Tuesday, 8 September 2015

After 5 Years #EBBC15

For 2015, the Beer Bloggers Conference was re-branded to be the Beer Bloggers and Writers Conference. We have always had non bloggers attend the conference, people who wrote about beer in magazines and wrote books about beer but more importantly, in the years that the conference has been running, many bloggers have gone on to also write books or get published in magazines and newspapers. The name change simply reflected the evolution of the humble beer blogger.
Personally, I think the name is a little redundant. All bloggers are writers so the Beer Writers Conference would have been easier and to the point.

I have written a separate overview of the conference that will appear on the Beer Bloggers Conference website so I won't do the same thing here. Instead, I wanted to mention a few things about the conference as it has become. I am one of only a handful of people who have attended all 5 conferences and that includes from the organisers camp so I think I am in an almost unique position to look back at them all.

The first three years were in the UK and followed the same format. They were all a lot of fun and informative with the first one in London being the most memorable. How can one top walking the streets of London behind people in Victorian garb, while on stilts, laying down a bed of hops in our path? The main reason it was so memorable was simply because it was the first conference and the content was fresh while the bloggers were young.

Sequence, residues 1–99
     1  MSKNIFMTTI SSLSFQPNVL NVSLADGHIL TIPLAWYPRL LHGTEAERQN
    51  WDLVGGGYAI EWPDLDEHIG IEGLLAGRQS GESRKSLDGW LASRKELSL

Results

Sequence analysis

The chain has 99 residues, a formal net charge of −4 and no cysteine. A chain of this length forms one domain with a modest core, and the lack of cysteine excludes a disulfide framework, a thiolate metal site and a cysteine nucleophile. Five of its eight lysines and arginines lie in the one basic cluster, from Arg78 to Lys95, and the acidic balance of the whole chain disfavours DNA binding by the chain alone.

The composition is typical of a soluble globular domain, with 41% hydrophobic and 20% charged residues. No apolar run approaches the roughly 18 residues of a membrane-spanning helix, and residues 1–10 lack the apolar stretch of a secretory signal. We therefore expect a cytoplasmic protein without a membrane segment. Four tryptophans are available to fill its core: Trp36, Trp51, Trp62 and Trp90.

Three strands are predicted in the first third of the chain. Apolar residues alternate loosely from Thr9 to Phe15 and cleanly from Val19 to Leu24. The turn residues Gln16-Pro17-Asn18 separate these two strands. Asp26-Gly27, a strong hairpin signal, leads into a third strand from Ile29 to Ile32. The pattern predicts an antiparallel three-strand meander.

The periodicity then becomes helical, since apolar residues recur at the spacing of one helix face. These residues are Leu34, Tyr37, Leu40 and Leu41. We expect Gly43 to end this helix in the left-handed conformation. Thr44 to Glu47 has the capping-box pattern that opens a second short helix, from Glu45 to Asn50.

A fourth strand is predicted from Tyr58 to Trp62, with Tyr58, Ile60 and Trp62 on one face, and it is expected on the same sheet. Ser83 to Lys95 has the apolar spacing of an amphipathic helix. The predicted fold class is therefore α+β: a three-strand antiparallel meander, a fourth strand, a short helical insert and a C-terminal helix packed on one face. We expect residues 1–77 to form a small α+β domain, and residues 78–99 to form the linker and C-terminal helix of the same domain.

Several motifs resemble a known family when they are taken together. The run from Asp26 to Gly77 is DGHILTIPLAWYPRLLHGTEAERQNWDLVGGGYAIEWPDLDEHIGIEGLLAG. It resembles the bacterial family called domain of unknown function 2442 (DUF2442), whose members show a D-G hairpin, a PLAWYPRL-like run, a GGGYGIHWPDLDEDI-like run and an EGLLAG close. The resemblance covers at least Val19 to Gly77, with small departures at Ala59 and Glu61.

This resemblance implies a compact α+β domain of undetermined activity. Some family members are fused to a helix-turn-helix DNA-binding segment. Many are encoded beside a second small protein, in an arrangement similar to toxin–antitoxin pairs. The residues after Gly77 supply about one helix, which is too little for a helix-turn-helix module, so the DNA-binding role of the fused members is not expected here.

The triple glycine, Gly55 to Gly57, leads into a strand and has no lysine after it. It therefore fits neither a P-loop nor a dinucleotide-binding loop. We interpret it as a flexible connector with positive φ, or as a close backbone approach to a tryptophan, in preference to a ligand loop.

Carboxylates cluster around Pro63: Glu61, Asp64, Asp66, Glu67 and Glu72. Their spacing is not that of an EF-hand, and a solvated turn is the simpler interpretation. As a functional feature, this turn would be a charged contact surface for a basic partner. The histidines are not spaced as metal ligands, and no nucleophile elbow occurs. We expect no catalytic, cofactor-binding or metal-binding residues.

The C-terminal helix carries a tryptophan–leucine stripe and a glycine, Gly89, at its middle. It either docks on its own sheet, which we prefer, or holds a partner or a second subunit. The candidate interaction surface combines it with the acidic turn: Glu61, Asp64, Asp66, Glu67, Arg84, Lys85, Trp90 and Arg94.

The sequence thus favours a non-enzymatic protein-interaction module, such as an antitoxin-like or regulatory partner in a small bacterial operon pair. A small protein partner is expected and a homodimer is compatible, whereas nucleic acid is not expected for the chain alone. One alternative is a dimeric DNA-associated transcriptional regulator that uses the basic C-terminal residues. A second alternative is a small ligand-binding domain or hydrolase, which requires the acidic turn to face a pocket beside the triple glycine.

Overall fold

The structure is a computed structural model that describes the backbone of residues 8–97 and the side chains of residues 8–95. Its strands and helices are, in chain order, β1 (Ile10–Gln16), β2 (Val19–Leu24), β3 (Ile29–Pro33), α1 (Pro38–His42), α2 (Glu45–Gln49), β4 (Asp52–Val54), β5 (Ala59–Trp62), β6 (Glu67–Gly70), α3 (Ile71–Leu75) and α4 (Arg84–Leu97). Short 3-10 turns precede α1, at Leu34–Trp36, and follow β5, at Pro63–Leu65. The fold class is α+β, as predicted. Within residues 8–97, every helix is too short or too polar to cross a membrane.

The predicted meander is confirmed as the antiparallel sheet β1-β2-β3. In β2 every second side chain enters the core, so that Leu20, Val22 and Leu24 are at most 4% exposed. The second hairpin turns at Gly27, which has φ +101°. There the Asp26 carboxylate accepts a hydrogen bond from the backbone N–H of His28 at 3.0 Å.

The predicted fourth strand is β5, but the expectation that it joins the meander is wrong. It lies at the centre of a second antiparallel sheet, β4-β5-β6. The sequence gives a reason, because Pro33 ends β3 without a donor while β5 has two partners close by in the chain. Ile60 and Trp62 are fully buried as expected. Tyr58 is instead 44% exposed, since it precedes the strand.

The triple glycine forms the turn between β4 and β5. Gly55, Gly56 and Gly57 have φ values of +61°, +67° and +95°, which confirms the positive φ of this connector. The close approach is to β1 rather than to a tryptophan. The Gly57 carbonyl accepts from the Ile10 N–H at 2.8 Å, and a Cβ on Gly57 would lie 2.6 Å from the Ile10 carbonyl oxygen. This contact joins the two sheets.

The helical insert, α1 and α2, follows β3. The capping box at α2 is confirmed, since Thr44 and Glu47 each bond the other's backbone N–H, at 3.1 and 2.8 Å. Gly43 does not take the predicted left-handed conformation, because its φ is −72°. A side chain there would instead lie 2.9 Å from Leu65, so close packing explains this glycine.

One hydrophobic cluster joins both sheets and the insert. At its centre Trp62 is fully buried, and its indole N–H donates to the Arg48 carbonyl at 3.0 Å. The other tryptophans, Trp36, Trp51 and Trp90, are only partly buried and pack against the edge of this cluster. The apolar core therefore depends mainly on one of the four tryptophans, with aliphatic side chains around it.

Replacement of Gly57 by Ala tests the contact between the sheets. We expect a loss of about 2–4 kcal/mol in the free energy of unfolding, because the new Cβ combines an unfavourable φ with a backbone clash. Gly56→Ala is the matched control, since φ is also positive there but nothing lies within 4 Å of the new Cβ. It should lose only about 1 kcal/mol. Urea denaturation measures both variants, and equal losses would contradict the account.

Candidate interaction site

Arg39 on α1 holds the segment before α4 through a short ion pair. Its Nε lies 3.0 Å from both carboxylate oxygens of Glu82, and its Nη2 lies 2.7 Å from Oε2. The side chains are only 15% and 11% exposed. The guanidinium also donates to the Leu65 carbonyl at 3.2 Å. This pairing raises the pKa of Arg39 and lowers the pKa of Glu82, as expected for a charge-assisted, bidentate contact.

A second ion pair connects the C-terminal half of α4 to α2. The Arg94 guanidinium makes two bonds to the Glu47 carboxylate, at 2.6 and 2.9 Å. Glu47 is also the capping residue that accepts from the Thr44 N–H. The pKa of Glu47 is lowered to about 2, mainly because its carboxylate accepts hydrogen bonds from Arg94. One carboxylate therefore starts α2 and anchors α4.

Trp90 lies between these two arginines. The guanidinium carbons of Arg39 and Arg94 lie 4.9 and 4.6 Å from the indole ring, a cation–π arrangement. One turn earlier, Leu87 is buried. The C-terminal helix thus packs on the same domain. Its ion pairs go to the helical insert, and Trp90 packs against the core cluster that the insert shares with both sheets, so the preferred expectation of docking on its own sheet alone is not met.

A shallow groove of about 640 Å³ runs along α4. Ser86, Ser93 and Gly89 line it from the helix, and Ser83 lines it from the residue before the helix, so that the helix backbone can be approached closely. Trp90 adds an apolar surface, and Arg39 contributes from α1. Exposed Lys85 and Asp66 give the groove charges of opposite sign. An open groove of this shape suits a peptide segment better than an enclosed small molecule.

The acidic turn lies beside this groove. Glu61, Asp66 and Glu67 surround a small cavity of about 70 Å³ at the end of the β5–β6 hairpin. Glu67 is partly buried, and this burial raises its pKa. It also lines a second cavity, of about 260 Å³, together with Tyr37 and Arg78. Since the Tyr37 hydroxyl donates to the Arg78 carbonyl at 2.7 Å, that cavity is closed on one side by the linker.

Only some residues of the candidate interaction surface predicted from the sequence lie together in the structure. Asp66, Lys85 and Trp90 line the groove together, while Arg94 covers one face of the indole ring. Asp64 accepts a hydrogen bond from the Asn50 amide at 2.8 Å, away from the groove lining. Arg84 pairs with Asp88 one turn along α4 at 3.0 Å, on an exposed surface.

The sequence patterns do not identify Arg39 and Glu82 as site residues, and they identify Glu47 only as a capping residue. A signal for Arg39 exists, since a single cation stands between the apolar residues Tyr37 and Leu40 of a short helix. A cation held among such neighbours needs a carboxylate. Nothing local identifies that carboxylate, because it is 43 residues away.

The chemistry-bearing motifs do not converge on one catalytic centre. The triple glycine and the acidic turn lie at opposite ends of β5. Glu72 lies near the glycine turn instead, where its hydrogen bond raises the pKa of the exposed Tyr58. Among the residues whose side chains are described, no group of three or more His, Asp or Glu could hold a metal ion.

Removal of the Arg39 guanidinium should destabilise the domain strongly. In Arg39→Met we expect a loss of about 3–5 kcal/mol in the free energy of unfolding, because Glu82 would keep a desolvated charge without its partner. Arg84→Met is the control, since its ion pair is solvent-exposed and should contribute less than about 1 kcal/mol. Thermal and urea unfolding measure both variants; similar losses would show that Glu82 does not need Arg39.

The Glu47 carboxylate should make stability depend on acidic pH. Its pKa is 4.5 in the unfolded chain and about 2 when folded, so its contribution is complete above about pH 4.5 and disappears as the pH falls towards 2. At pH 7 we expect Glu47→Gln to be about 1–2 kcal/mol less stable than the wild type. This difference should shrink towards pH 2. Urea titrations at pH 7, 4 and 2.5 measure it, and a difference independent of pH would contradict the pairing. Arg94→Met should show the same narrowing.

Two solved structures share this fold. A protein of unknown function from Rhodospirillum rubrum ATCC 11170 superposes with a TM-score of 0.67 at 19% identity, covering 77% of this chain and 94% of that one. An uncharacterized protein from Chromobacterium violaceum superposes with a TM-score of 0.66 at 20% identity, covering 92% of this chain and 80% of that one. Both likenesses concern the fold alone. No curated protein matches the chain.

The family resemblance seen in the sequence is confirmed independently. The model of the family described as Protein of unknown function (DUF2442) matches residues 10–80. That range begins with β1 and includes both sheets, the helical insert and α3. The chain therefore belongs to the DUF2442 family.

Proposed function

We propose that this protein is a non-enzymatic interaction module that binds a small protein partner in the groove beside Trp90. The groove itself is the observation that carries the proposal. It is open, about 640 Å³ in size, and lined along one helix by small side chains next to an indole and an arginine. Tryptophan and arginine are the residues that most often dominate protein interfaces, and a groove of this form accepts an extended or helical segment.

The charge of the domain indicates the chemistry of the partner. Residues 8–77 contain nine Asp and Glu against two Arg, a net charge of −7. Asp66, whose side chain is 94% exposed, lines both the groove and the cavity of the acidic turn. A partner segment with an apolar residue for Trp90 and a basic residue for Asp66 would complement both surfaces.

After this conference, some bloggers started to go pro and were less inclined to go the the following conference. The content sometimes was a little similar at times but since we usually had newbies, this was fine. I  always learned something useful in at least one or two of the sessions.

The fourth one was where I was directly involved in bringing it outside the UK to Dublin. Ireland is familiar territory for UK bloggers so they wouldn't be too far out of their comfort zone and there was something for everyone. The conference had needed to leave the UK in order to survive and Dublin was a natural stepping stone.

Dublin was probably the smallest in terms of attendance but we still had about 60 or 70 people. This conference was more about the beer than content. A mini beer festival to open the conference at registration time. Most beer was served from keg and there was even a cask of oatmeal stout. There was something satisfying about walking about with a pint in your hand. Added to that, having fantastic weather and a massive beer garden at our disposal. Drinking Pilsner Urquell from a wooden cask while eating a BBQ feast in the sun was a particular highlight for me. It's rare to even have beer garden weather in Dublin.
This showed the conference could survive after Ireland but it needed to get to mainland Europe to continue to thrive.